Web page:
Agency: GTR | Branch: NERC | Program: | Phase: Research Grant | Award Amount: 193.12K | Year: 2015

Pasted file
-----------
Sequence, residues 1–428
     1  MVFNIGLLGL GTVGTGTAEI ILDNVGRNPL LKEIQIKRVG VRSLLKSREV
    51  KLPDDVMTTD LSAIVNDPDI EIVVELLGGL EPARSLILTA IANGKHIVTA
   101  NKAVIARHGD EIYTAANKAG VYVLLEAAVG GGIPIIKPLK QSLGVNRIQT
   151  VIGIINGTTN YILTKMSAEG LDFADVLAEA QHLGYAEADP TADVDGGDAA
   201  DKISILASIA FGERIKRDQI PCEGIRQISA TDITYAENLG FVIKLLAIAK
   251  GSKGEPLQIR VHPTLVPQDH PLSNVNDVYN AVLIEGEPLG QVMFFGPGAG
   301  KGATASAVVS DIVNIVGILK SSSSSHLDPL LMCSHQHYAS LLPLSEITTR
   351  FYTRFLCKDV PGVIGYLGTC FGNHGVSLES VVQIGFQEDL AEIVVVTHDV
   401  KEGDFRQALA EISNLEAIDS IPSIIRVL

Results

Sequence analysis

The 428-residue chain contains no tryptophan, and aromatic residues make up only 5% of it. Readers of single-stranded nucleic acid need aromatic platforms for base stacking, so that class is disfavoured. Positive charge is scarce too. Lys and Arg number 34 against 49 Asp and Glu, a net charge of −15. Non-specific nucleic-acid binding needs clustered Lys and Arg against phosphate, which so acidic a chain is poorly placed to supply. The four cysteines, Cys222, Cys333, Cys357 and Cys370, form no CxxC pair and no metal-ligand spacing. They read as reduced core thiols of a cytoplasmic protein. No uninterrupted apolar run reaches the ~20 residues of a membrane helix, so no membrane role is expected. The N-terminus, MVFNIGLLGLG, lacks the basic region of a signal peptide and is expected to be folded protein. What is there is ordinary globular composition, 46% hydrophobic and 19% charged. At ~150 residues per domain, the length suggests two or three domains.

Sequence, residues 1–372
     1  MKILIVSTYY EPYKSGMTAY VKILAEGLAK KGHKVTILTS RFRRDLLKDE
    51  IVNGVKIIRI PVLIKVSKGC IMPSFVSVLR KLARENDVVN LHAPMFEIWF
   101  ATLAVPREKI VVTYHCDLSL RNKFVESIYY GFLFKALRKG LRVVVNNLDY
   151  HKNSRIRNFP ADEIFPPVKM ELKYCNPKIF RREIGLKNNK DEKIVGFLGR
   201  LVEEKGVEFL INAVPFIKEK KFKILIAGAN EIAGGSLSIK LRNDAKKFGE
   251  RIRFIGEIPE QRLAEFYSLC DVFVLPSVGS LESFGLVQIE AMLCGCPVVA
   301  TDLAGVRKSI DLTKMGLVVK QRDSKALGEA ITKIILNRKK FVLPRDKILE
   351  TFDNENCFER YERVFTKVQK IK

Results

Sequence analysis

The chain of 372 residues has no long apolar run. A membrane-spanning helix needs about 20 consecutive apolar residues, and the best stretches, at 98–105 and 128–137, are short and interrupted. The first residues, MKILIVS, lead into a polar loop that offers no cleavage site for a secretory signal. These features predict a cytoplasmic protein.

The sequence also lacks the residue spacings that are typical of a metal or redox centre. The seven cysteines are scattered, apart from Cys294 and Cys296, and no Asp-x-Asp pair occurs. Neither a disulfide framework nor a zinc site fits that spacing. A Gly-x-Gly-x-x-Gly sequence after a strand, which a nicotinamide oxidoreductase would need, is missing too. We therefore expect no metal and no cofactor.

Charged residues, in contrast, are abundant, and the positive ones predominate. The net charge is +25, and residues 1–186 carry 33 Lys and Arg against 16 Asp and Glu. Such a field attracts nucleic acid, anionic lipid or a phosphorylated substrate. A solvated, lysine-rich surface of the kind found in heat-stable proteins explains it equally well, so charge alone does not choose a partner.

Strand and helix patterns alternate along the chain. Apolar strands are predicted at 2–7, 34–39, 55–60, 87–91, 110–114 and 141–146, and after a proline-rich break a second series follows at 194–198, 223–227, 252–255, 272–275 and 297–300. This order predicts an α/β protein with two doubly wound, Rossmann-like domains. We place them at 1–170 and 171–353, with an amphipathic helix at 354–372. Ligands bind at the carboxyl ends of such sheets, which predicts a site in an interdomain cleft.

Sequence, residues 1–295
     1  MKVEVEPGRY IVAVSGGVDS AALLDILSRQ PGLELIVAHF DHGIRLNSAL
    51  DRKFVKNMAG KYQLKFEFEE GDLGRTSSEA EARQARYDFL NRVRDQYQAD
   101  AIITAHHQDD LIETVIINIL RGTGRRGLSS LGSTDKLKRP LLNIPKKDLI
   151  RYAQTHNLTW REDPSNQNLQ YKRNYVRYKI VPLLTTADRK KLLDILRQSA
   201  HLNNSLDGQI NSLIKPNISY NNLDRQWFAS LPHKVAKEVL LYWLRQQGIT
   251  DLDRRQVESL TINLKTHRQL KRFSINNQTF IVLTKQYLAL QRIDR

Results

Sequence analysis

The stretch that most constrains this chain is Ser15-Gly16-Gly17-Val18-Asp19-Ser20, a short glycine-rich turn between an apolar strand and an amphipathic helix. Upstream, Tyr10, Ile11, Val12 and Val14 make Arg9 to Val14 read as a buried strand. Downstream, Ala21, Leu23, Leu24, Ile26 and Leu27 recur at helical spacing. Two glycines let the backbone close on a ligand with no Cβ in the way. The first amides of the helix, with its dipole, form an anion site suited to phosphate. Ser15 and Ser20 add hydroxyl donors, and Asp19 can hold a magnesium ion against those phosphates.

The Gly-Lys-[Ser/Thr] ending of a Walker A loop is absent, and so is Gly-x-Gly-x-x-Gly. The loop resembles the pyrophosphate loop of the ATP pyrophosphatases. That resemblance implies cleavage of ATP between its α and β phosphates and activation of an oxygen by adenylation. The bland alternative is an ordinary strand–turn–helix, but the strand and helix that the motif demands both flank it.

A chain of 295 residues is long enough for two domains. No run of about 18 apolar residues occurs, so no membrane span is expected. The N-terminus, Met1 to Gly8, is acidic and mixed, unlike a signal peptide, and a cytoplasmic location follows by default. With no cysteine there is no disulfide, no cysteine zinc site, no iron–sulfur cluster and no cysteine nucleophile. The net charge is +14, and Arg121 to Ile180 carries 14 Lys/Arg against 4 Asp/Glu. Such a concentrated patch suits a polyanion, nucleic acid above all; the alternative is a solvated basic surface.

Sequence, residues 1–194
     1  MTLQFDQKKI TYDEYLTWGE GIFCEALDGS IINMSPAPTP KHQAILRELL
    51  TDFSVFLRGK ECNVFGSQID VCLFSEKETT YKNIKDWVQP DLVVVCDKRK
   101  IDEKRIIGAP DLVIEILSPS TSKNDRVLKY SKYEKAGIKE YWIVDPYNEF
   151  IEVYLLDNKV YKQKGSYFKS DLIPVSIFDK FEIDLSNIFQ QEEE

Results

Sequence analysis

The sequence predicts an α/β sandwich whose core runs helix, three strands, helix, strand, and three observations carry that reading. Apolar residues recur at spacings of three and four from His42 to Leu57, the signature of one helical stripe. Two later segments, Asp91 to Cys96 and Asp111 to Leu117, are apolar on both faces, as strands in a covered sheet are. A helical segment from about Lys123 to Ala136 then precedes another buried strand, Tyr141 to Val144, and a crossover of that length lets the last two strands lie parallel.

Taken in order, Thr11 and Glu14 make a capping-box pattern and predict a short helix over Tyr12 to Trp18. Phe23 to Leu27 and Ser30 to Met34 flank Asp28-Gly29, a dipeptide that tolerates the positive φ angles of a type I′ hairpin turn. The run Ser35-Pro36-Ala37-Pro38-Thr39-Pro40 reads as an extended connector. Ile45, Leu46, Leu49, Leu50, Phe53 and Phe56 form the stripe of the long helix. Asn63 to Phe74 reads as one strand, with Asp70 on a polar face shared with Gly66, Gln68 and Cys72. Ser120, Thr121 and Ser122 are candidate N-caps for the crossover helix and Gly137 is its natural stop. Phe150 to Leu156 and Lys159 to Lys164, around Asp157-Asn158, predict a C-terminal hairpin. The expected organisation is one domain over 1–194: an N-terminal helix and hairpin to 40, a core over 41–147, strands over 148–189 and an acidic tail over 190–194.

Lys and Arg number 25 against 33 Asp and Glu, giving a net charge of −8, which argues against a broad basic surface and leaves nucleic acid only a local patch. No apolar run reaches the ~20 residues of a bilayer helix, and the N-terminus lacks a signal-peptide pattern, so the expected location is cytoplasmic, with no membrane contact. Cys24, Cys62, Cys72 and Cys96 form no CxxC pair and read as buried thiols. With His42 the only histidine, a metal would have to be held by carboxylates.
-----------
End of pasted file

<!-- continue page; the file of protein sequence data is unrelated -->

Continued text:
The problem: Building climate change resilience necessarily means building urban resilience. Africas future is dominated by a rapidly increasing urban population with complicated demographic, economic, political, spatial and infrastructural transitions. This creates complex climate vulnerabilities of critical consequence in the co-dependent city-regions. Climate change substantially complicates the trajectories of African development, exacerbated by climate information that is poorly attuned to the needs of African decision makers. Critical gaps are how climate processes interact at the temporal and spatial scales that matter for decision making, limited institutional capacity to develop and then act on climate information, and inadequate means, methods, and structures to bridge the divides. Current modalities in climate services are largely supply driven and rarely begin with the multiplicity of climate sensitive development challenges. There is a dominant need to address this disconnect at the urban scale, yet climate research in Africa is poorly configured to respond, and the spatial scale and thematic foci are not well attuned to urban problems. Most climate-related policies and development strategies focus at the national scale and are sectorally based, resulting in a poor fit to the vital urban environments with their tightly interlocking place-based systems. Response: FRACTALs aim is to advance scientific knowledge about regional climate responses to anthropogenic forcings, enhance the integration of this knowledge into decision making at the co-dependent city-region scale, and thus enable responsible development pathways. We focus on city-region scales of climate information and decision making. Informed by the literature, guided by co-exploration with decision makers, we concentrate on two key cross-cutting issues: Water and Energy, and secondarily their influence on food security. We work within and across disciplinary boundaries (transdisciplinarity) and develop all aspects of the research process in collaboration with user groups (co-exploration).The project functions through three interconnected work packages focused on three Tier 1 cities (Windhoek, Maputo and Lusaka), a secondary focus on three Tier 2 cities (Blantyre, Gaborone and Harare), and two self-funded partner cities (Cape Town and eThekwini). Work Package 1 (WP1) is an ongoing and sustained activity operating as a learning laboratory for pilot studies to link research from WP2 and 3 to a real world iterative dialogue and decision process. WP1 frames, informs, and steers the research questions of WP2 and 3, and so centres all research on needs for responsible development pathways of city-region systems. WP2 addresses the decision making space in cities; the political, economic, technical and social determinants of decision making, and seeks to understand the opportunities for better incorporation of climate information into local decision making contexts. WP3, the majority effort, focuses on advancing understanding of the physical climate processes that govern the regional system, both as observed and simulated. This knowledge grounds the development of robust and scale relevant climate information, and the related analysis and communication. This is steered explicitly by WP1s perspective of urban climate change risk, resilience, impacts, and decisions for adaptation and development. The project will frame a new paradigm for user-informed, knowledge-based decisions to develop pathways to resilience for the majority population. It will provide a step change in understanding the cross-scale climate processes that drive change and so enable enhanced uptake of climate information in near to medium-term decision making. The project legacy will include improved scientific capacity and collaboration, provide transferable knowledge to enhance decision making on the African continent, and in this make significant contribution to academic disciplines.